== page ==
I know something you don’t know; if I share it with you, I will ask you to pay for it.

I am guessing this doesn’t sound like a compelling proposition; indeed you might tell me where to put itand I am also guessing the sun don’t shine there.

…Even if you were minded to hear more you would want to better understand why it might be valuable to you before you paid anything; and you would probably suggest paying something only if the true value was fully revealed.

And yet the “I know something you don’t know; if I share it with you, I will ask you to pay for it…” approach is a model for charging for legal services that is still commonplace today.

It always felt anachronistic to me and I never liked it, but the prevailing attitude appeared to be that anything else would work less well. In recent years however things have changed a lot. We are still nowhere near value-billing and even so called “innovative pricing” (always asked for in every panel review pitch) induces eye-rolling and hand-wringing in equal measure; even so a great deal has changed.

Take just one example, as we know there is a trend for certain types of legal work to strip-out individual lawyer time and to replace this with process and paralegals to drive the cost down.

For the right kind of work this is exactly what should happen and it is impressive to see it in operation. The approach sees law firms managing risk through efficient process, sending high volumes through the machine and making their profit from lower margins, but increased capacity. The lessons being learnt in this space however are also being applied to increasingly complex transactions/litigation. Again I think this is a very good thing.

Better cost management is a key part of value and anyone who has spent any time in a non law firm environment is familiar with the annual edicts from on high – put in a process where there isn’t one; then drive down costs within the process; finally never spend money that doesn’t have to be spent.

In this regard law firms still have a long way to go; nearly all legal work has a significant administrative element and change is therefore long overdue to put in place process and to drive out cost…But value is never as simple as this and I am very concerned that in the rush to reduce costs and to commoditise legal work, we are mismanaging perceptions of what value means.

Not everything is just process, administrative or routine.

Lawyers must of course drive out unnecessary cost, but over time this will become an expected norm. What is now also needed is a sense of what is valued by clients and what is not valued by clients.

The distinction I would like to see drawn therefore is between information, which I believe carries much less value than ever before, and wisdom which I believe we do not value enough

Indeed in my view law firms must quickly appreciate that in order to secure profitable work (and not chase the price to the bottom of the market) they must learn to give away much more. They should give away precedents, templates, checklists, case notes…in fact anything that can be described as information.

On the other hand they should be properly rewarded for insight and wisdom. Insight and wisdom is where the client can better manage risk, more fully appreciate opportunity, and perhaps even find competitive advantage. A few words of wisdom might save or make fortunes – and should be paid for accordingly.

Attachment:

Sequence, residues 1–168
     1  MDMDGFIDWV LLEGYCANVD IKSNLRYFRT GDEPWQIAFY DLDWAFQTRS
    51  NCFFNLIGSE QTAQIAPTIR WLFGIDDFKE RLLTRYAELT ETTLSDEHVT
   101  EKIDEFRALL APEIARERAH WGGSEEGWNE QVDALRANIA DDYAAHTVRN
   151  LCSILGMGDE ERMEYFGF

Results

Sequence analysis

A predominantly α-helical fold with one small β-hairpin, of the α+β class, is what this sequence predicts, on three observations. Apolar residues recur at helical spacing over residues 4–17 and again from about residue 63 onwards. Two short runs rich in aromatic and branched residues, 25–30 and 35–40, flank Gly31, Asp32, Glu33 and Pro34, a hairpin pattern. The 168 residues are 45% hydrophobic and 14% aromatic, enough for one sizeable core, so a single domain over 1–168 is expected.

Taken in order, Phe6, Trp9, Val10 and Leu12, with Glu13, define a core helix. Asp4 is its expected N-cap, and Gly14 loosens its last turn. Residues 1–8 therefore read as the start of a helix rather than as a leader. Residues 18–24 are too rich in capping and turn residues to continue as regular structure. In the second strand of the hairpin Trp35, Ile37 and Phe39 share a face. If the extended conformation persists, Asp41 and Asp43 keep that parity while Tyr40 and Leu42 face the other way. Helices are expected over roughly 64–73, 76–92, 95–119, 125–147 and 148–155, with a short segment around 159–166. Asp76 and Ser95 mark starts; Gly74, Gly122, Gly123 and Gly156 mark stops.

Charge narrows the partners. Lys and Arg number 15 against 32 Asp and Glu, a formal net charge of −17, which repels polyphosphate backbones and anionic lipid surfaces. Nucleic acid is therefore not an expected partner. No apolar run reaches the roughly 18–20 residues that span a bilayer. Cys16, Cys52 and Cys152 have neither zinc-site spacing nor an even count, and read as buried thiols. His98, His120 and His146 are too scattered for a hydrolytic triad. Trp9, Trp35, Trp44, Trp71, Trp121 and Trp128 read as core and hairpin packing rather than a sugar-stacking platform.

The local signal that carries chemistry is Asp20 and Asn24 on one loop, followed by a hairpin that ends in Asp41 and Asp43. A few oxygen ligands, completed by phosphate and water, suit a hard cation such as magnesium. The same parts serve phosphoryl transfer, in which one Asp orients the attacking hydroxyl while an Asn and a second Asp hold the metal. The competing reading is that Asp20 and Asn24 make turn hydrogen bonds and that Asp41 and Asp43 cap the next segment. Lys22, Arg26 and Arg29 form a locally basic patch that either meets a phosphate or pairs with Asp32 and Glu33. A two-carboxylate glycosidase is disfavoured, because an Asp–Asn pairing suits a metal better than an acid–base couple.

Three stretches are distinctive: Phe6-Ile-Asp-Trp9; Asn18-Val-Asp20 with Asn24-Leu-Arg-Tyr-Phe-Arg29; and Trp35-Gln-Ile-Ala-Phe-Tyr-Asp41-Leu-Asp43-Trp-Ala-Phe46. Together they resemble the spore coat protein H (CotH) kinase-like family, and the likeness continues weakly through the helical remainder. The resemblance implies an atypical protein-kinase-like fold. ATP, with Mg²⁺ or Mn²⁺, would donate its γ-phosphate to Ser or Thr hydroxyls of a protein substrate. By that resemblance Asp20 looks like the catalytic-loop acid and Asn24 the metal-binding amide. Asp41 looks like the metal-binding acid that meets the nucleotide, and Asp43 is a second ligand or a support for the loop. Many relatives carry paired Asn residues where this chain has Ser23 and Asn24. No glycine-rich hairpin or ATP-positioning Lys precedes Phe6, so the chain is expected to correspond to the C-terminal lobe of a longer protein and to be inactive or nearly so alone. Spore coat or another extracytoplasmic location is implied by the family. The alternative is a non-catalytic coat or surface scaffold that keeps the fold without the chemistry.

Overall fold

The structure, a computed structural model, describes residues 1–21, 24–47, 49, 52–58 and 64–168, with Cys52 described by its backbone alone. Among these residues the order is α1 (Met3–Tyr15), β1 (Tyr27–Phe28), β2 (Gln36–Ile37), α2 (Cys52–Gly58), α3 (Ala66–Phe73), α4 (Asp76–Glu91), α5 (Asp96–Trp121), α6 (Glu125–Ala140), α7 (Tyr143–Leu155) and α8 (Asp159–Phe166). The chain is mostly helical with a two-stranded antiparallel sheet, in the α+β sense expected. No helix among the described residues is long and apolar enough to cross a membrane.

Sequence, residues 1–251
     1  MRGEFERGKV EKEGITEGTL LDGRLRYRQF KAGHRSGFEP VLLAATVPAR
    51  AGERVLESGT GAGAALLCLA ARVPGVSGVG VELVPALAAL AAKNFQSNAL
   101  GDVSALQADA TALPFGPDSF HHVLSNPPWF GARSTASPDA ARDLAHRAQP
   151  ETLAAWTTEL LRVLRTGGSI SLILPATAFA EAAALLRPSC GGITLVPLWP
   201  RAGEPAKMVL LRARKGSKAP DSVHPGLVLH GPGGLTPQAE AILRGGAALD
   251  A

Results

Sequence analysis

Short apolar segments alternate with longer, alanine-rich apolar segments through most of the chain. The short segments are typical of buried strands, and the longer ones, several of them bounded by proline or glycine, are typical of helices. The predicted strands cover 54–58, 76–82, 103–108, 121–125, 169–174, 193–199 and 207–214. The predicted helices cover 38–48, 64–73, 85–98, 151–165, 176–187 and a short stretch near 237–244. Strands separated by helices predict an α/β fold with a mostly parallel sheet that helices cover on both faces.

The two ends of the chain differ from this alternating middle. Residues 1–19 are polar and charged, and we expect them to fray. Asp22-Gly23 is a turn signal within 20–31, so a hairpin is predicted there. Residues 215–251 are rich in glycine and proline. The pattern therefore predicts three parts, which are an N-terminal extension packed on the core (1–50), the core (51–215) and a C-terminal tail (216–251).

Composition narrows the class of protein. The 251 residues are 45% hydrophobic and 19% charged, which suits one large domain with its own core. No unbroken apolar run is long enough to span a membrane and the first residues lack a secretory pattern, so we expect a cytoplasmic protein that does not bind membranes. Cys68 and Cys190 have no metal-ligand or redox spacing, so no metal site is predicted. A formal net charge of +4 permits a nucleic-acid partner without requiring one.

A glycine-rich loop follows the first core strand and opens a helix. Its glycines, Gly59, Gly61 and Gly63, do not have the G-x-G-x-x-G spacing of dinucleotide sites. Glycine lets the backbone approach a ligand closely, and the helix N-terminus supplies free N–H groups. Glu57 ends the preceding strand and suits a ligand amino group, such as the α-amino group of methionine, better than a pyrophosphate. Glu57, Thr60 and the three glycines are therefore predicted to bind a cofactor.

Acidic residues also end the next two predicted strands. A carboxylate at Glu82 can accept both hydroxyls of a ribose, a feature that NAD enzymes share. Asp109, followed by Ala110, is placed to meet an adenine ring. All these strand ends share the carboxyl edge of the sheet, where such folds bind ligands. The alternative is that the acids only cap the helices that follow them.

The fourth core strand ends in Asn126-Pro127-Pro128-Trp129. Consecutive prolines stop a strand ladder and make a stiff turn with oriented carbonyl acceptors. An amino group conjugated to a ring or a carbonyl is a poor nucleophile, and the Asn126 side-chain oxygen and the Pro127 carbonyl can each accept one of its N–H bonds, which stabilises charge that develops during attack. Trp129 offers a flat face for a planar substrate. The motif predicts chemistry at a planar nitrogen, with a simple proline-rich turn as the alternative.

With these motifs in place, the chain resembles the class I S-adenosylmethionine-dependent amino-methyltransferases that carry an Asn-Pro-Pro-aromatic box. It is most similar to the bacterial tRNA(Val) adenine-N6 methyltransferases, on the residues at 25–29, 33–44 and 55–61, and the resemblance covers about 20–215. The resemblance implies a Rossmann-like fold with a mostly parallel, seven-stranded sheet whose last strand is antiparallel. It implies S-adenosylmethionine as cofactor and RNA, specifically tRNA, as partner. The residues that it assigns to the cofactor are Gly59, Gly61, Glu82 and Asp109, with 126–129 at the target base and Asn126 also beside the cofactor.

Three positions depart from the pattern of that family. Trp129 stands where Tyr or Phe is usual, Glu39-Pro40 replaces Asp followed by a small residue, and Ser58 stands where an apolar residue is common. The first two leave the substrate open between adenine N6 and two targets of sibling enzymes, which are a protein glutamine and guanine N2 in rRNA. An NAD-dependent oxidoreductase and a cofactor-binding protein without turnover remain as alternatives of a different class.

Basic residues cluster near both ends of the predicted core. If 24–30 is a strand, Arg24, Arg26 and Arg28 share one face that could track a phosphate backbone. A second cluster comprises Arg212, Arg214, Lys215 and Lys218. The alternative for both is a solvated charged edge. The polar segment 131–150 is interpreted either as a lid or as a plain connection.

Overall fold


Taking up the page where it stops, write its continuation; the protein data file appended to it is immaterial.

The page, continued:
Yet we are often stuck with the same time-based charges for some work that clients increasingly feel should carry minimal cost (or no cost at all) and for other work which they would be prepared to pay a fee linked to value.

This failure to differentiate is plain daft; it represents a systemic failure in our legal profession and makes traditional law firms look really very vulnerable, especially in a less structured market.

Unless the profession collectively wakes up to the fact that it cannot continue to charge high fees for something that a Google search will reveal for free, it is probably signing a warrant for a slow and painful demise. I am obviously not suggesting that Google is a legal knowledge management system without risk; but it is a system all clients know and all clients use – and it’s free.

I may be wrong, after all today is just a moment in time with many options still open to everyone, but for me the direction seems clear – in future knowledge is going to be valued less, so we must ensure wisdom is valued more.

Will clients pay for wisdom? I think they will. A law firm that can genuinely help a client to a successful outcome (or avoid a disastrous one) is adding significant real value. We should all be prepared to pay for that. The challenge is for relationships to be so strong that the relationship itself carries trust and therefore value. In the context of a longer term, mutual gains approach, the law firm should be able to trust the client to give away a great deal; and the client should be commercially savvy enough to pay for wisdom.

Time will tell. For the time being there are therefore two questions unanswered: First can law firms re-engineer their offering to break free of the past, so that they charge a premium for their wisdom while allowing ever cheaper access to knowledge? Second, will clients be brave enough to properly reward wisdom even if the time on the clock is modest? It won’t be easy, but I think the alternatives are worse…

Paul Gilbert is Chief Executive of LBC Wise Counsel the UK based specialist management and skills training consultancy for lawyers. www.lbcwisecounsel.com